Hiring Manager Reveals He Rejected Candidate During A Job Interview After Finding Her Too Attractive — 'It's Not Good For Me Or The Team If She Ended Up Getting Hired'

He felt her looks would be too distracting for him and his team to work efficiently.

business man with arms crossed, woman smiling while holding blue folder stockfour / ruigsantos / Shutterstock; victorzastolskiy via Canva Pro

A hiring manager was accused of being sexist after admitting that he refused to hire a candidate because of how she looked.

The employer posted about a job interview that he had done with a woman on an anonymous online forum, which was later shared on Twitter, in which he claimed that he couldn't advance her to the next round of interviews because he feared that her appearance would disrupt the work environment.


He refused to hire her because he felt she was too attractive to work for him and his team.

In the post, the hiring manager explained that he usually does first-round interviews for his company, and for most of those interviews, he usually gets male candidates scheduled for interviews because in the field he works in, it's mostly men who are hired.

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"I recently did an interview where the candidate performed good enough to be okayed for further rounds," he wrote. "But during the interview, I did get distracted a few times."

hiring manager refuses to hire job candidate because he feels she is too attractivePhoto: Twitter


He claimed that he found the job candidate both his type and extremely attractive. Based on that, he decided not to hire her for fear that her attractiveness would disrupt the work environment for him and his other male colleagues.

"I rejected her because I thought it was not good for me or my team if she ended up getting hired," he thought. After rejecting the candidate, he acknowledged that he feels terrible about it and insisted that while he's "happily married" and often finds other women attractive, he never acts on his impulses.

"This person would be in close proximity if she ended up getting hired, and I would have totally messed up," he continued. "Looking for advice on how to deal with situations like these and stop feeling guilt."

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Unfortunately, this type of gender-based discrimination happens to a plethora of women in the workforce.

According to the Pew Research Center, about four-in-ten working women (42%) in the United States say they have faced discrimination on the job because of their gender.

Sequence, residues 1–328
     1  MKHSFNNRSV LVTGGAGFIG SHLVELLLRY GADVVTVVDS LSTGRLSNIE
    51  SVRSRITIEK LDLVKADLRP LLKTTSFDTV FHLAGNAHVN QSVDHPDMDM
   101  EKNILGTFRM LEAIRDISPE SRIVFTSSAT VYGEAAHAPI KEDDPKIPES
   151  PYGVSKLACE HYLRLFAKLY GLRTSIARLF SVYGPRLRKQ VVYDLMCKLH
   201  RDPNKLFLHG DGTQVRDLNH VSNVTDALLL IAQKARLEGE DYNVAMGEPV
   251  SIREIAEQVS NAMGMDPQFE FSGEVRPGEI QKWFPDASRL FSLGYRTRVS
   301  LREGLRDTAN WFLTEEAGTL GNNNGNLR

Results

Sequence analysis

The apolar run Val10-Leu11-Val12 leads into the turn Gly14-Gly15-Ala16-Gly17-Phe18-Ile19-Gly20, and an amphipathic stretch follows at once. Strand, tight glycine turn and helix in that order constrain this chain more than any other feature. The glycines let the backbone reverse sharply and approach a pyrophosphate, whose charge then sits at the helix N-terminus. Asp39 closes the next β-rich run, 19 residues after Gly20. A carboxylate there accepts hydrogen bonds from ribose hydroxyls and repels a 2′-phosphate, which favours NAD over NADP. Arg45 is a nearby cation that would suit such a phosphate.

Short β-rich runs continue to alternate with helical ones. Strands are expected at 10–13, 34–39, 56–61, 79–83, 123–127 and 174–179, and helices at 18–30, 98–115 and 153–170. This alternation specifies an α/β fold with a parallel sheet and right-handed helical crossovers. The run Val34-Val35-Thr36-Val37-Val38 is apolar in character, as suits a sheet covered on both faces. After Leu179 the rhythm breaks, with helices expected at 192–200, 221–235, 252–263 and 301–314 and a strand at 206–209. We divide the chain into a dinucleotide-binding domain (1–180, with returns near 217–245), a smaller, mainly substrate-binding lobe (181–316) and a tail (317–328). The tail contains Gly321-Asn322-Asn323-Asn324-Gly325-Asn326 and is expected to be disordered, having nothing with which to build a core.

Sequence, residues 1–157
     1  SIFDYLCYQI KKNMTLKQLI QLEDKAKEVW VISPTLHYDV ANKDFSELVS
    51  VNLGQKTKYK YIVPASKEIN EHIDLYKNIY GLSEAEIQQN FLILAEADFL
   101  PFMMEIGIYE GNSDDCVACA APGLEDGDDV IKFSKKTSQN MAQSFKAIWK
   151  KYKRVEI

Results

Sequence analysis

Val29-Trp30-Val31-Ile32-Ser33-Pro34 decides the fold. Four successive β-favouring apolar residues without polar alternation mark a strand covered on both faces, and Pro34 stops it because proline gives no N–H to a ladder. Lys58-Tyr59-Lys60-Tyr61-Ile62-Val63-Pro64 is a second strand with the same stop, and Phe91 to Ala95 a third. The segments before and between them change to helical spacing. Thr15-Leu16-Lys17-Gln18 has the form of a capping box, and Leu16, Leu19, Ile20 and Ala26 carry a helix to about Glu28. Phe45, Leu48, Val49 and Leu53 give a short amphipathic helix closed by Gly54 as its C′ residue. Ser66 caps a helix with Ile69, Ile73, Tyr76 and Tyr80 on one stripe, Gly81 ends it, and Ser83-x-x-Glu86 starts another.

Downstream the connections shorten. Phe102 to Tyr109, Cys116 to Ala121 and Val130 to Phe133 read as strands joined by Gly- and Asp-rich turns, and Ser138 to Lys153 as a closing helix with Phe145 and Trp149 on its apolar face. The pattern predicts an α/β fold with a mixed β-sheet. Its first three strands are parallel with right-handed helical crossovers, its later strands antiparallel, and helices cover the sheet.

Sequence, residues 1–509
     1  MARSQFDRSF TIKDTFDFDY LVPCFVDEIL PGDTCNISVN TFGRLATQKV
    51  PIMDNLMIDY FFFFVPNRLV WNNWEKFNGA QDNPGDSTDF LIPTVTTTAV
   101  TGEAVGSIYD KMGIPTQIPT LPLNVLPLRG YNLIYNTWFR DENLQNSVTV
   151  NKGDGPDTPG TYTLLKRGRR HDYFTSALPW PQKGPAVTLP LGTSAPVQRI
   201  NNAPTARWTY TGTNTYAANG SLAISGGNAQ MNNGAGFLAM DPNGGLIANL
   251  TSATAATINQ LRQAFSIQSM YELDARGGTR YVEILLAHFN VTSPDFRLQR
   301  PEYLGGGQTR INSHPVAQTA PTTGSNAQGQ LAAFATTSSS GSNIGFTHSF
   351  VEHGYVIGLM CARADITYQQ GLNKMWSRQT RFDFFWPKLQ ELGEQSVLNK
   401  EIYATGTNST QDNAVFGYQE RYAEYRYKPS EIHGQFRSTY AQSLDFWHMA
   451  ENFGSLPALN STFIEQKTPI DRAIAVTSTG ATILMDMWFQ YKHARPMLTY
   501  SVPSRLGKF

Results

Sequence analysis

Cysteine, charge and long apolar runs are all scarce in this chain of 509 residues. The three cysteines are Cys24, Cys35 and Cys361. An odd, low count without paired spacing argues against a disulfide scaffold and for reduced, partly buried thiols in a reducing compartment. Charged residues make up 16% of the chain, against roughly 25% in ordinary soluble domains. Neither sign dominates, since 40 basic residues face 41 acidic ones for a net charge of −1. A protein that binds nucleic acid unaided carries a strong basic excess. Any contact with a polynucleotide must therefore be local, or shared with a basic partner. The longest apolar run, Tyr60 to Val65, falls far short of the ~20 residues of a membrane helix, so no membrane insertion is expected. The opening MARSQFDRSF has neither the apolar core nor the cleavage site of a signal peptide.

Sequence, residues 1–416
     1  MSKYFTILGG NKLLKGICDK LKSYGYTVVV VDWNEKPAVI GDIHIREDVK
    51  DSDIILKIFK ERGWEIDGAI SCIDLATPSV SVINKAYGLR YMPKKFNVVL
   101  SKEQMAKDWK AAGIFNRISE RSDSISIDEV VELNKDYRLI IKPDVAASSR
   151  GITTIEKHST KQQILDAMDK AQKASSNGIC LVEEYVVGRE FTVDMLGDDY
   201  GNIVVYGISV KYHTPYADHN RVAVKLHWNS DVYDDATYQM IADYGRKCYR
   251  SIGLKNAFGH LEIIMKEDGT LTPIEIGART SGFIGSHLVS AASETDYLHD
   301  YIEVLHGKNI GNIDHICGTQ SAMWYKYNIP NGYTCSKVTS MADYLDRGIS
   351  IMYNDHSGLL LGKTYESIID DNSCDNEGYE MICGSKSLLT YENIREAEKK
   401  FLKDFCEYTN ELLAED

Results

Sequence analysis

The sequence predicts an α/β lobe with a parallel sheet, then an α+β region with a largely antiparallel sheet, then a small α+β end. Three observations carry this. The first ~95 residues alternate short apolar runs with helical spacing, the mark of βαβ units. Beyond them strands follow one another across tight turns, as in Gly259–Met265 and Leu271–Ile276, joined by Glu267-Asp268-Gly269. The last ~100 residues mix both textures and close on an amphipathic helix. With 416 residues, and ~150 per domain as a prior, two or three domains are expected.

Furthermore, women are roughly four times as likely as men to say they have been treated as if they were not competent because of their gender — 23% of employed women versus 6% of men.

When a hiring manager refuses to hire a candidate solely based on her physical appearance, specifically deeming her "too attractive," it can be seen as a manifestation of sexist and discriminatory attitudes.

hiring manager refuses to hire candidate because he feels she's too attractivePhoto: Zivica Kerkez / Shutterstock


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Many people were disgusted by the hiring manager's decision and pointed out he shouldn't be responsible for conducting interviews.

"No, don't stop feeling guilty. What you did was terrible, you know it. You rejected a good candidate [because] it wouldn't be 'good for you,'" one Twitter user wrote.

"You felt you could not 'handle' her attractiveness. I wish u were never in a position to make hiring decisions. That's the unfortunate part."

Another user added, "If you can't compartmentalize work & personal life you don't belong in a leadership position!"


"This is an issue with him not being able to control himself & unfortunately, it cost a qualified woman her job. All because of his misogynistic way of thinking."

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A third user pointed out, "I love how he automatically assumes that she would also be attracted to him. I have also hired and worked with women for over 20 years."


"[The] ability to do the job is the only requirement and you are treated with the same dignity and respect as everyone else in the company."

Refusing to hire a candidate based on their attractiveness not only denies the candidate a fair chance of employment but also creates a hostile work environment. This kind of behavior perpetuates harmful stereotypes and objectifies women, reducing them to their physical appearance rather than evaluating their qualifications, skills, and experiences relevant to the job.

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Nia Tipton is a Chicago-based entertainment, news, and lifestyle writer whose work delves into modern-day issues and experiences.